By Wayne Cole
SYDNEY (Reuters) – Asian shares snoozed near 18-month highs on Friday as trade thinned in the run-up to Christmas and investors seemed content to digest the chunky gains already made so far this month.
MSCI’s broadest index of Asia-Pacific shares outside Japan () was a fraction firmer in early trade, having gained 1.2% for the week so far and almost 5% for the month.
Japan’s Nikkei () inched up 0.1% after reaching a 14-month top earlier in the week. It was ahead by 2.5% for the month so far. South Korea’s market () added 0.25% on the day and 5.5% for December.
E-Mini futures for the S&P 500 () held at all-time highs having put on 1.2% for the week.
Sentiment had been bolstered after U.S. Treasury Secretary Steven Mnuchin said the United States and China would sign their Phase One trade pact in early January.
Mnuchin said it was completely finished and just undergoing a technical “scrub,” though Beijing has so far dodged all details of the deal.
The U.S. House of Representatives also overwhelmingly approved a new North American deal that leaves $1.2 trillion in annual U.S.-Mexico-Canada trade flows largely intact.
The S&P 500 hit a sixth straight record high, its longest streak since January 2018, and the Nasdaq climbed for the seventh session in a row. The S&P 500, Nasdaq and Dow all notched record closing highs. ()
The Dow () ended Thursday up 0.49%, while the S&P 500 () gained 0.45% and the Nasdaq () 0.67%.
The market shrugged off U.S. President Donald Trump’s impeachment, as the Republican-controlled Senate is widely expected to keep him in office.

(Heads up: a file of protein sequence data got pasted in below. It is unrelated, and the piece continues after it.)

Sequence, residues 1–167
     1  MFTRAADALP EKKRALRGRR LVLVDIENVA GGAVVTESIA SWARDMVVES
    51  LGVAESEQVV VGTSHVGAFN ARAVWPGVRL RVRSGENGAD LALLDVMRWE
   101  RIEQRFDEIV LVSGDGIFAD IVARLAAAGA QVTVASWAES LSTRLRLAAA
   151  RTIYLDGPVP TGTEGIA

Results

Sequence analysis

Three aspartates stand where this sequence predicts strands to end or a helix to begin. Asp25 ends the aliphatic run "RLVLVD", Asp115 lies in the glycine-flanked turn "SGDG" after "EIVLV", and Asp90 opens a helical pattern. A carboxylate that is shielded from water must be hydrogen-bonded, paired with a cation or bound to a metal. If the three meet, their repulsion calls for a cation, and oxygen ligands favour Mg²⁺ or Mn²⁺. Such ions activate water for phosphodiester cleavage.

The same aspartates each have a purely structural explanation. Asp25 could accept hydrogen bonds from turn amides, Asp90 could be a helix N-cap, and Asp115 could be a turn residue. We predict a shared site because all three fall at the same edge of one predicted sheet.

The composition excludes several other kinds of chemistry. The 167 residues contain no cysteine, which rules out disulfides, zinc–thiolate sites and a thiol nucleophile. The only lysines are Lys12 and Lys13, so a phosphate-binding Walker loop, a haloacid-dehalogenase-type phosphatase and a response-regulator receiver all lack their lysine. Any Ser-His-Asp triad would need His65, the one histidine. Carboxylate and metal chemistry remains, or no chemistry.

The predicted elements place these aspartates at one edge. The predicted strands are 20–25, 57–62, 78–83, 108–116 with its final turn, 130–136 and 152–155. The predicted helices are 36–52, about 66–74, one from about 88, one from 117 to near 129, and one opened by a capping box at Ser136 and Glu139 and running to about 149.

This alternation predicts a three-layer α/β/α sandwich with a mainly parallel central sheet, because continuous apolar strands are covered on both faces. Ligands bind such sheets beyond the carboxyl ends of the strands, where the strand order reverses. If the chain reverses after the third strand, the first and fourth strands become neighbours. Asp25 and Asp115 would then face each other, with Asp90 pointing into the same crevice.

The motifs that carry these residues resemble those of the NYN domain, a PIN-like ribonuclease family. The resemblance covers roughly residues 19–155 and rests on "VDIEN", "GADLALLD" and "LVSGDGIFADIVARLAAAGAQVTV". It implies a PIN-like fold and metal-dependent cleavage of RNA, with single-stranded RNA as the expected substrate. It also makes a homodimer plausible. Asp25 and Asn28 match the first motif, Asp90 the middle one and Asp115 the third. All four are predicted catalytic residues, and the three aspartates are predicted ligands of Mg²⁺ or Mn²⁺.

POUND IN PERIL
It was mostly quiet in currencies, though sterling was nursing a grudge after suffering a vicious reversal that left it facing its worst weekly fall since late 2017 at 2.4%.
Early Friday, the pound was huddled at $1.3017 having toppled from a $1.3514 peak when Prime Minister Boris Johnson used his sweeping election victory to revive the risk of a hard Brexit.
“We see the biggest risks being to depreciation over the next two weeks as Brexit preparations take place amidst the most sluggish UK economy in 10 years,” said Richard Grace, chief currency strategist at CBA.
“GBP can fall because the trade concerns are taking place at a time when the UK trade deficit is the widest it has been in 10 years, and the current account deficit is at a historically large 5.0% of GDP.”
Other currency pairs were little changed on the week with the euro stuck at $1.1124 () having found support around $1.1100. The dollar idled at 109.36 yen , having spent the entire week in a tight 10917/109.67 range.
Against a basket of currencies, the dollar had edged up 0.2% for the week to 97.393 () thanks mainly to the steep drop in sterling.
was flat at $1,479.00 per ounce , and up just a fraction for the week so far.
Oil prices consolidated after reaching the highest level in three months, buoyed by falling crude inventories and the easing in U.S.-China trade tensions. [O/R]
Early Friday, U.S. crude () had eased back 11 cents to $61.07 a barrel, while Brent crude () futures were yet to trade.
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